Remembering The Old Songs:


by Lyle Lofgren
(Originally published: Inside Bluegrass, March 2006)

A few years ago, we took a late-winter trip to Kearny, Nebraska, to watch sandhill cranes, who use the Platte River as a staging point for their northward migration. While there, I noticed something else: every five minutes, day and night, a 100-car coal train passes through town, bringing Wyoming's Powder River basin to insatiable power plants in the Midwest and East. It struck me that we're using more coal than William Blake, writing of England's "dark Satanic mills," could have imagined. The industrial revolution won't be over until we burn the earth's last ounce of sequestered carbon. And carbon costs a lot more than just money.

The people of Appalachia might have been satisfied living traditional lives, but they had no choice: the nation needed their coal, so we transformed them into coal miners, a hard, dangerous, and unrewarding way to make a living. If you manage to survive the methane explosions and cave-ins, your reward is black lung disease.

Coal Creek, northwest of Knoxville TN, is a tributary of the Clinch River, and mining led to the founding of a town with the same name, along with two others, Fraterville and Briceville. Coal Creek is the topic of more songs than any other mining area. There's Pete Steele's Last Payday at Coal Creek, as well as several different banjo instrumentals titled Coal Creek March. The Coal Creek Rebellion of 1891 was the inspiration for Uncle Dave Macon's Buddy Won't You Roll Down The Line. Tennessee leased their prisoners to the coal companies at low prices. Instead of being relieved, the local miners attacked the mines and freed the prisoners. The result of the rebellion was collectivization of the prison industry: thereafter, forced prison labor was conducted by the states instead of by private companies. But that's another story (see

On Monday, May 19, 1902, the Fraterville miners had just started work when a massive methane explosion sealed off the mine. It took four days to reach them, by which time all 216 had died. Fraterville was left with only three adult males who had not gone to work that day, along with hundreds of widows and a thousand orphans. Some of the miners had participated in the 1891 rebellion to regain their jobs.

Miners who weren't killed immediately barricaded themselves in side passages. Before they died, several of them left notes for their families. One example:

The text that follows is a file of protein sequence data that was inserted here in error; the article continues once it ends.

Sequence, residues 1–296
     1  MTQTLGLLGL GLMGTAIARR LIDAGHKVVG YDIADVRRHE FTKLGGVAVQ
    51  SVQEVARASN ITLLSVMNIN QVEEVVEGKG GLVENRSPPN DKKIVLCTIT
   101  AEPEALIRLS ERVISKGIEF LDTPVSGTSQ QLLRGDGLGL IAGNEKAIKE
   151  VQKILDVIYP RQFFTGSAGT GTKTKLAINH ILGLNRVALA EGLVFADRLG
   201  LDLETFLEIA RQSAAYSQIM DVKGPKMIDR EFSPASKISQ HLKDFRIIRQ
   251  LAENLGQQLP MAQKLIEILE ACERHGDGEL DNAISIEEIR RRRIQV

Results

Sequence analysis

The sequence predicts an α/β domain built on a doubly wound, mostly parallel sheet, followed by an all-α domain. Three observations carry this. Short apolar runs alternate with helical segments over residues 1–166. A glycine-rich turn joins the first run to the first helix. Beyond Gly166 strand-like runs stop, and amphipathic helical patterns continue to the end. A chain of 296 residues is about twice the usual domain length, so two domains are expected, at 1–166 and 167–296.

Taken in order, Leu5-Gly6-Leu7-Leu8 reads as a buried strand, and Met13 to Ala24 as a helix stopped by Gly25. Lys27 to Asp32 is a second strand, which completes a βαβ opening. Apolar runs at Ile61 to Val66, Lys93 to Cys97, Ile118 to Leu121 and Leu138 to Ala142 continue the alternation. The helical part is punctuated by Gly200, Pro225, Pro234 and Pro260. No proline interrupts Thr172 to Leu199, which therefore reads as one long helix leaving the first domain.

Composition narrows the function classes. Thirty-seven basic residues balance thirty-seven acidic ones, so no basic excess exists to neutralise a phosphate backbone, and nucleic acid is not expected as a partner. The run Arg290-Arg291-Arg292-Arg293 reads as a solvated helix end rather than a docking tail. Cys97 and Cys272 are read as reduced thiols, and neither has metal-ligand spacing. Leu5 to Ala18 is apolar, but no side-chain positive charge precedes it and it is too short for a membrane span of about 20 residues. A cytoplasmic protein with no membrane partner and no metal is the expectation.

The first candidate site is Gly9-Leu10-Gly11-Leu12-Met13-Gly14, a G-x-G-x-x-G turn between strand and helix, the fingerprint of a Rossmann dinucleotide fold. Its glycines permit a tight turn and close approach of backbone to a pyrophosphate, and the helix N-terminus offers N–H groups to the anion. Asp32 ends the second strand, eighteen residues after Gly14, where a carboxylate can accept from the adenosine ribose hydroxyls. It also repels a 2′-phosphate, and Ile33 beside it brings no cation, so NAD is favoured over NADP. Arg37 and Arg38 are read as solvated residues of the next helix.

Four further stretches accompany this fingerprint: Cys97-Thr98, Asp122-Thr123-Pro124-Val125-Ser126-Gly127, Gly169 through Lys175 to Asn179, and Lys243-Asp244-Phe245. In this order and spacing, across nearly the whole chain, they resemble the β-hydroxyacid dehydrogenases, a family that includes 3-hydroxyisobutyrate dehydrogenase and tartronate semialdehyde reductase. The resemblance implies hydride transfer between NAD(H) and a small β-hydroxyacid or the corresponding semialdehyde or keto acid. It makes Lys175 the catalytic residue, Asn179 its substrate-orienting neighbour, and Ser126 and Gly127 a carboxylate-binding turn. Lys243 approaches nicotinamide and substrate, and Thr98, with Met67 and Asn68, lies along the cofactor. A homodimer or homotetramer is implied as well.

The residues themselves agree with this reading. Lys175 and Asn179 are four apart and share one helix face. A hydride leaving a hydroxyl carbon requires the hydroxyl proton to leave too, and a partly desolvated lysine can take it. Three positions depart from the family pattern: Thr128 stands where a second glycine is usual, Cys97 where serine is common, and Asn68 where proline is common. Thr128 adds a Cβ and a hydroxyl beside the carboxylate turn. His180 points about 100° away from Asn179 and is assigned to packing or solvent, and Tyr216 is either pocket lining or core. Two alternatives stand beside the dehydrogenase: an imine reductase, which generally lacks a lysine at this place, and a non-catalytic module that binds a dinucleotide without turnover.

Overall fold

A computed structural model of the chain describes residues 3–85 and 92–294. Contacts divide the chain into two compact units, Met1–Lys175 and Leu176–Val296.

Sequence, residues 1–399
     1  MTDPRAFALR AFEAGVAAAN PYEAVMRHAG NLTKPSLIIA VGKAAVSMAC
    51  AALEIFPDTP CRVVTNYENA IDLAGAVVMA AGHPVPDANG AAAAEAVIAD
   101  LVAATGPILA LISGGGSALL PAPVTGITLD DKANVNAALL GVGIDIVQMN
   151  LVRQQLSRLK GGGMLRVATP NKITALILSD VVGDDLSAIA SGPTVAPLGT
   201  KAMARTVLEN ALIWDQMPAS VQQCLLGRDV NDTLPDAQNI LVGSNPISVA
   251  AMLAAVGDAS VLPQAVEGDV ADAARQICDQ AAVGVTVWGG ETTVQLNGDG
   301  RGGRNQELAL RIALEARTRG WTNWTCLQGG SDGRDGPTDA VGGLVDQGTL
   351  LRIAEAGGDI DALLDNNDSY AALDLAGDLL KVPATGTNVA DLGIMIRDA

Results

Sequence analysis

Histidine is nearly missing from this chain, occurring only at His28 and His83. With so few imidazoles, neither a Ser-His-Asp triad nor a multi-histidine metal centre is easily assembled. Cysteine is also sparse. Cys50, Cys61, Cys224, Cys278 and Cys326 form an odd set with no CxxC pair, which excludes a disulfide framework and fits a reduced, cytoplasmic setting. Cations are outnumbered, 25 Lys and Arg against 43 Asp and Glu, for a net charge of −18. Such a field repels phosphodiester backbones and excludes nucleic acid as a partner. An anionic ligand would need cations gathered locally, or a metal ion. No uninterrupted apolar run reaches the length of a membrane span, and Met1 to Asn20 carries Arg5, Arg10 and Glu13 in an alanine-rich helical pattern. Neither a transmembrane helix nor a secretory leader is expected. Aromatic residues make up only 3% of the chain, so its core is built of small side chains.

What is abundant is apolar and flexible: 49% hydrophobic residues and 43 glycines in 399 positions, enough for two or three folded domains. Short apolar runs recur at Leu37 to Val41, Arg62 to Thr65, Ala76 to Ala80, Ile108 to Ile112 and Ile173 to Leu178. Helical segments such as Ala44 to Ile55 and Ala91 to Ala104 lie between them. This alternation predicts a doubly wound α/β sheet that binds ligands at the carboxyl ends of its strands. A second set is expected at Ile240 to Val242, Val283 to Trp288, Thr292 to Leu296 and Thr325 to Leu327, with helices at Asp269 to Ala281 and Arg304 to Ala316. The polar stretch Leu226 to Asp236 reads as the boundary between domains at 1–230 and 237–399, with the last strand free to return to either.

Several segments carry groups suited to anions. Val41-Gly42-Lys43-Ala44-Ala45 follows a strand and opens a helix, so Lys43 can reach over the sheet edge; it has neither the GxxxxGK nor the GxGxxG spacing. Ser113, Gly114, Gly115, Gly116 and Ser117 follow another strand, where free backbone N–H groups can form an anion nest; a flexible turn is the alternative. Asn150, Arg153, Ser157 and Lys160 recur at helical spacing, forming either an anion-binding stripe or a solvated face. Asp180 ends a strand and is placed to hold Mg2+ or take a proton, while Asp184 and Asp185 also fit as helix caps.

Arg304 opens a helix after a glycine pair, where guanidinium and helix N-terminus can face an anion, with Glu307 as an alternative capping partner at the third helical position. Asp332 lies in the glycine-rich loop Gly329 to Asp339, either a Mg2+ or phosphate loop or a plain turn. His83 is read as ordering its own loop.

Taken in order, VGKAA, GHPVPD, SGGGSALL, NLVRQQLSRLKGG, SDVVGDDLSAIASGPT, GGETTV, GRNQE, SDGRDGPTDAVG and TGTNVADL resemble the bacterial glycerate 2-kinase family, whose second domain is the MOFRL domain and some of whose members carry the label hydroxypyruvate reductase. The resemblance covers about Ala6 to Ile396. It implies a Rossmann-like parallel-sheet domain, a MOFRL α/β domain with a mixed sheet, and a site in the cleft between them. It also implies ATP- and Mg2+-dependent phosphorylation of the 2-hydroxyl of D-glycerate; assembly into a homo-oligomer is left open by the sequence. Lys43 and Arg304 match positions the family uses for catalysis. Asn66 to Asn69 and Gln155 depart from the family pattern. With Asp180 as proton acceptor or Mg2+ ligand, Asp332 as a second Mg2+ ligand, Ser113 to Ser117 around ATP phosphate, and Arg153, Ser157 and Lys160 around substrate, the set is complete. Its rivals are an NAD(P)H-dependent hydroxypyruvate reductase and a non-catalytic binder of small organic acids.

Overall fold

Alice, do the best you can. I am going to rest. Goodbye Alice. Elbert said the lord had saved him. Do the best you can with the children. We are all perishing for air to support us. but it is getting so bad without any air. Charlie said for you to wear his shoes and clothing. It is now 1- 1/2 o'clock. Marvell Harmon's watch is now in Andy Wood's hands. Ellen, I want you to live right and come to heaven. Raise the children the best way you can. Oh how I would love to be with you. Goodbye to all of you. Bury me and Elbert in the same grave. Tell little Ellen goodbye. Goodbye Ellen. Goodbye Horace. We are together. It is now 25 minutes after 2 o'clock. A few of us are alive yet, Jacob and Elbert. Oh God for one more breath! Ellen, remember me as long as you live.

In an era when even the wreck of a freight train could inspire poems and songs, it's not surprising that letters like this one, published in local newspapers, were raw material for a number of poems. I even found one written in 1970.

In 1929, a Kentuckian named Green Bailey recorded this song, which was undoubtedly written shortly after the explosion. I have no idea where the song was hiding in the intervening 27 years. The tune sounds like a typical 19th century maudlin song, so it's probably a poem set to music, perhaps by Bailey himself. You can hear Bailey's version on the 7-volume Kentucky Mountain Music boxed set (Yazoo 2200), but I prefer Tracy Schwarz's magnificent unaccompanied version on The New Lost City Ramblers Vol. 2: Out Standing in their Field (Smithsonian Folkways CD40040). You'd have to learn that by ear, though. The music given here reflects the regularity of Bailey's guitar accompaniment.

Another explosion at Briceville, in 1911, resulted in 84 deaths, with two survivors. In 1936, Tennessee Valley Authority's Norris Dam flooded the Clinch River, and the town of Coal Creek became Lake City.


Complete Lyrics:
1. Shut up in the mine of Coal Creek,
We know that we must die;
But if we trust in Jesus
To heaven our souls shall fly.

2. Our lamps are burning dimly,
Our food is almost gone;
Death's grasp is sure but awful,
Soon we'll be carried home.

3. Goodbye, dear wives and children,
May you be treated kind,
For now our time has come to die,
Shut up in the Coal Creek mine.

4. Eleven of us were prisoned,
And two dear ones have died;
Nine more are left to suffer,
And die in the Coal Creek mine.

5. Farewell, dear wives and mothers,
You're left behind to mourn,
But if you follow Jesus,
We'll meet in heavenly home.

6. Dear friends, you should take warning,
And listen to what we say;
You're now in the world of sunlight,
So there you'd better stay.

Repeat verse 1.

Repeat verse 3.

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